Rook's face lit up when he saw that Tod had joined him. He swam over and kissed him.
"Catch me," he said playfully, and splashed away.
Tod laughed and gave chase. He was not as strong a swimmer as Rook, but he was more than a head taller than the outlaw, who had barely grown since they were fourteen. Tod's long legs gave him an advantage, allowing him to push off from the rocky bottom, and close the space between them. It took him only a few moments to catch a laughing Rook about the waist and steal a kiss from him in turn.
Letting Rook go, Tod turned and swam away, as they switched the roles of hunter and quarry. The sunlight and the rush of the water over Tod's skin felt good, the exercise warming him more than the water chilled him. Pausing for breath, he pushed sodden brown hair out of his eyes to gauge Rook's position, then pushed off again, shooting across the deep pool and out of reach.
When Rook caught him at last, it was because Tod let him. As he clung to Tod's freckled shoulders and claimed the forfeit of a kiss with enthusiasm, Rook's body slid against Tod's for an instant, quick and slippery as a fish. He swam away, leaving Tod's skin tingling. Tod shook off the feeling, and dove after him.
They were both panting by this time. Rook evaded capture by waiting for Tod to push off from the side or bottom, and quickly changing direction, swimming out of his path. Tod was wondering whether he would ever manage to capture Rook again, when his quarry ducked under the hanging curtain of a willow tree that leaned out over the water. Tod followed quickly.
He immediately realized that Rook was trapped, hemmed in by the mossy bank of the river. With a triumphant grin, Tod lunged. Laughing, Rook scrambled backward out of the water. At the last instant, Tod's hand closed around a slender ankle, and he followed Rook up onto the bank. They collapsed onto the moss, gasping and giddy.
"Will you claim a forfeit, My Lord?" Rook asked, leaning back on his elbows.
Tod looked at him, naked, panting, skin glistening wet in the dappled sunlight that danced between the swaying screen of willow, cock half-hard in its nest of sparse black hair, and swallowed.
"A — a kiss," he said hoarsely. "I would claim a kiss."
Rook tilted his head, an inviting smile playing on his lips, and Tod pulled him into his arms, delighting in the cool wetness of his skin and the heat of his mouth, as he kissed Rook, long and deep.
"Is a kiss all you would have of me?" Rook murmured when Tod released his mouth.
Tod's heart pounded. His resolve evaporated. He could no longer think of a single reason to delay the thing they both desired.
"No," he said, voice low and rough. "Lie with me. Here. Now."
Rook's dark eyes widened, his face alight with excitement. "Show me what to do."
Somehow, Tod had always known that the first time he bedded Rook, it would not be in the cave. It felt right that it should be here, on the mossy river bank, surrounded by the cool, green light of the forest, as if the sun and the water and the trees themselves gave blessing to their union. Tod kissed him again, reveling in the feel of Rook's body, pressed flush against his own. Rook's face tilted up, eagerly returning the kiss, yielding himself to Tod's desire.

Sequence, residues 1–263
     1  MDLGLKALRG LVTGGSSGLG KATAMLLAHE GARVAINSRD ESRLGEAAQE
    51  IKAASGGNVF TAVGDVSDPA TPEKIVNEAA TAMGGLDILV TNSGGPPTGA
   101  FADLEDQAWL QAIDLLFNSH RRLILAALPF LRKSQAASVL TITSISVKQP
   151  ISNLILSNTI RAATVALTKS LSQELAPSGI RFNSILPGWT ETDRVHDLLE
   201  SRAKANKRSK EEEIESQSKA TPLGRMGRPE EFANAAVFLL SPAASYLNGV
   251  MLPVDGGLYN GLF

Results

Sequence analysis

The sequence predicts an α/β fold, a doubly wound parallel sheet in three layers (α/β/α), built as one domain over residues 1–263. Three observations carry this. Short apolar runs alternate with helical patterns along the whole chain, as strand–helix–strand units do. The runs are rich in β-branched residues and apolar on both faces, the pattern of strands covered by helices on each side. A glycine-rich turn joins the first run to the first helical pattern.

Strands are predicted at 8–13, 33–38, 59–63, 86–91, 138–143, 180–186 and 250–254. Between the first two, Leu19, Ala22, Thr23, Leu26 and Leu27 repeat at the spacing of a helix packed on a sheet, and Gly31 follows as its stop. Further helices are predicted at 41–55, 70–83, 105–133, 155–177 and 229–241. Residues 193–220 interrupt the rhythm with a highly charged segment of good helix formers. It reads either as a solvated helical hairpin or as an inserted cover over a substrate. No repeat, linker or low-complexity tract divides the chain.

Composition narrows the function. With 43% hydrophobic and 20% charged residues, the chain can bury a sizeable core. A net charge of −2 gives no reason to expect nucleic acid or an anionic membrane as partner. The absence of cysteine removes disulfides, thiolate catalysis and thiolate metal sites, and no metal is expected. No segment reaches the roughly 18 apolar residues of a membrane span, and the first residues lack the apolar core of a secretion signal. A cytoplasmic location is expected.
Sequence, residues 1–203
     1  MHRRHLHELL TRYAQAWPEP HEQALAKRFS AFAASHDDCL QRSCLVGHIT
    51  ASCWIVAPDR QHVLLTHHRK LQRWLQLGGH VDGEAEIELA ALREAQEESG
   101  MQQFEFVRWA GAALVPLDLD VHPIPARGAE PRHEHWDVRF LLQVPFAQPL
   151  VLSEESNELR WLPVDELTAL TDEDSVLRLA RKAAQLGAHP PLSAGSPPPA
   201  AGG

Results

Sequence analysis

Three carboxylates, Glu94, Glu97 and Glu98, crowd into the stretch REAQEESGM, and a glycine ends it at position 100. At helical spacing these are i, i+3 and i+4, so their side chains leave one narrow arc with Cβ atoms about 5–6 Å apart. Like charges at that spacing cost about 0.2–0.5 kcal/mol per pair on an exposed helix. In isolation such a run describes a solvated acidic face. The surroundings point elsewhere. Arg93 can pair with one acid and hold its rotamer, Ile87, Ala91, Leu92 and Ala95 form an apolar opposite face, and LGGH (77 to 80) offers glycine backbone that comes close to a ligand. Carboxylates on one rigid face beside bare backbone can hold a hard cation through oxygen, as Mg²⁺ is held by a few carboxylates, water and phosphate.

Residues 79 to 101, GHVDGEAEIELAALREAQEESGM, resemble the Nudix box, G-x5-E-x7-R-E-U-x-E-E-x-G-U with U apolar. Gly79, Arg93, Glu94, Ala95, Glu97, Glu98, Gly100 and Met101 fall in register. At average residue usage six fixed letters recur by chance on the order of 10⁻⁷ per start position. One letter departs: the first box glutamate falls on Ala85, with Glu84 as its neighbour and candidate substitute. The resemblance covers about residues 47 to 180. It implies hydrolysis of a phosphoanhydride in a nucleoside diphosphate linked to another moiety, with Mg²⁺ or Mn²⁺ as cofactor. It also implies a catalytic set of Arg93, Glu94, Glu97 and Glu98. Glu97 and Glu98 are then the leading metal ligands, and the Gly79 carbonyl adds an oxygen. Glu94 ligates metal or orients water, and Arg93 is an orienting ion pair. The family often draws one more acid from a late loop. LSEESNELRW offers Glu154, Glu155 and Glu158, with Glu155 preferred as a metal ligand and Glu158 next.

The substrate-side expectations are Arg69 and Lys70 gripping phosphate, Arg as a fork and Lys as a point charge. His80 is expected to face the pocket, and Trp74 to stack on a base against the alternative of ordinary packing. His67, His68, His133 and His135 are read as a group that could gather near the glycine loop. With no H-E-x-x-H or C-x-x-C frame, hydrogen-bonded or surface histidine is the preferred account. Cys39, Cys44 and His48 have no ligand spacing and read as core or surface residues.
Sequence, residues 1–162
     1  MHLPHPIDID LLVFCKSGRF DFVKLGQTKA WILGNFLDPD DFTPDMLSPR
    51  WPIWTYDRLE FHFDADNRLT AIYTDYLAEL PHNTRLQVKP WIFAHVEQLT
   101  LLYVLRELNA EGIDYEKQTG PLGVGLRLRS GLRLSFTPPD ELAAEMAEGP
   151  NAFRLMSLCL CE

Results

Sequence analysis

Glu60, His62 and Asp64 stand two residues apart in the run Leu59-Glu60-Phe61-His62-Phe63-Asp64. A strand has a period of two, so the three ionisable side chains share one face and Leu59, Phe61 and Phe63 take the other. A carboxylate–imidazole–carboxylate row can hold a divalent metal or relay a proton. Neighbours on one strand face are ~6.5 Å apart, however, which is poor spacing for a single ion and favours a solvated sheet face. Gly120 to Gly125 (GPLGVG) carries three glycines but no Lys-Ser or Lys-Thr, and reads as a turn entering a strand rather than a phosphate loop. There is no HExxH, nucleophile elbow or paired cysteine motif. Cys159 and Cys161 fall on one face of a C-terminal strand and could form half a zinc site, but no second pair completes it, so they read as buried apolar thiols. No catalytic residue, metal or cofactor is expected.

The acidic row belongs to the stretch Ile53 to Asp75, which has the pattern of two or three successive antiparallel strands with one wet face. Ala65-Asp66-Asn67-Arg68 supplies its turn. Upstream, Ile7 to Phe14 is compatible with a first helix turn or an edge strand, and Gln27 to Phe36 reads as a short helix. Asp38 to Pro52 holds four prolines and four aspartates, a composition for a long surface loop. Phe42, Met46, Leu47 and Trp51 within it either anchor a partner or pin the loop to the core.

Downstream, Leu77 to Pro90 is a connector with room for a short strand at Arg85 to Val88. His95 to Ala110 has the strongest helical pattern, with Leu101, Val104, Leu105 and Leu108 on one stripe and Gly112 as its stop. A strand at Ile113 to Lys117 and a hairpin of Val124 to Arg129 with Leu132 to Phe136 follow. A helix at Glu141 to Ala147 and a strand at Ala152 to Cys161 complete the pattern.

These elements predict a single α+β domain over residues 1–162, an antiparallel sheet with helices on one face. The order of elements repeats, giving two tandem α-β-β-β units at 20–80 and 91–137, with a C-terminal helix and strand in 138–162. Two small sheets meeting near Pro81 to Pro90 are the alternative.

After imagining being with Rook so many different ways, Tod had thought that perhaps, when the moment arrived, he would not know what he wanted to do with him first — that he would want to master Rook and serve him and surrender to his lust all at once — but now that the moment had come at last, Tod felt sure of every touch.
"I've wanted this for such a long time," he confessed, bending his head to drop hot kisses onto Rook's throat and shoulders, hands exploring Rook's back from nape to thighs. "Seeing you every day, I could hardly keep myself from you."
Rook hissed as Tod took a flat, brown nipple between his teeth and suckled it. "I w-would not have stopped you," he panted.
"I know," said Tod, nuzzling his chest, tasting his skin. "I was a fool to wait so long, and you so willing. There were times, even before you first kissed me, when —"
He broke off, distracted by the sight of Rook's cock, standing stiff and ready, eager for his touch. With a reverent hand Tod cupped him gently, delighting in the feel of skin like hot silk against his palm. Rook made a small sound in his throat, eyes fluttering closed, as Tod's delicate touch explored every square inch of him, from root to tip.
"W-when what?" Rook asked shakily, hips rising to press himself into Tod's palm.
Tod's thumb found a bead of slippery wetness, and he slowly rubbed it over the blunt head of Rook's cock
"When I wanted to make you gasp and cry out with pleasure at my touch," murmured Tod, as Rook did just that.
"Ah," gasped Rook, back arching. "I think you could've done whatever you liked with me, from the very first."
"Wanton," Tod chuckled. He breathed on the sensitive skin of Rook's concave belly, making him shiver with delight. "How was I to know your virtue could be so easily won?"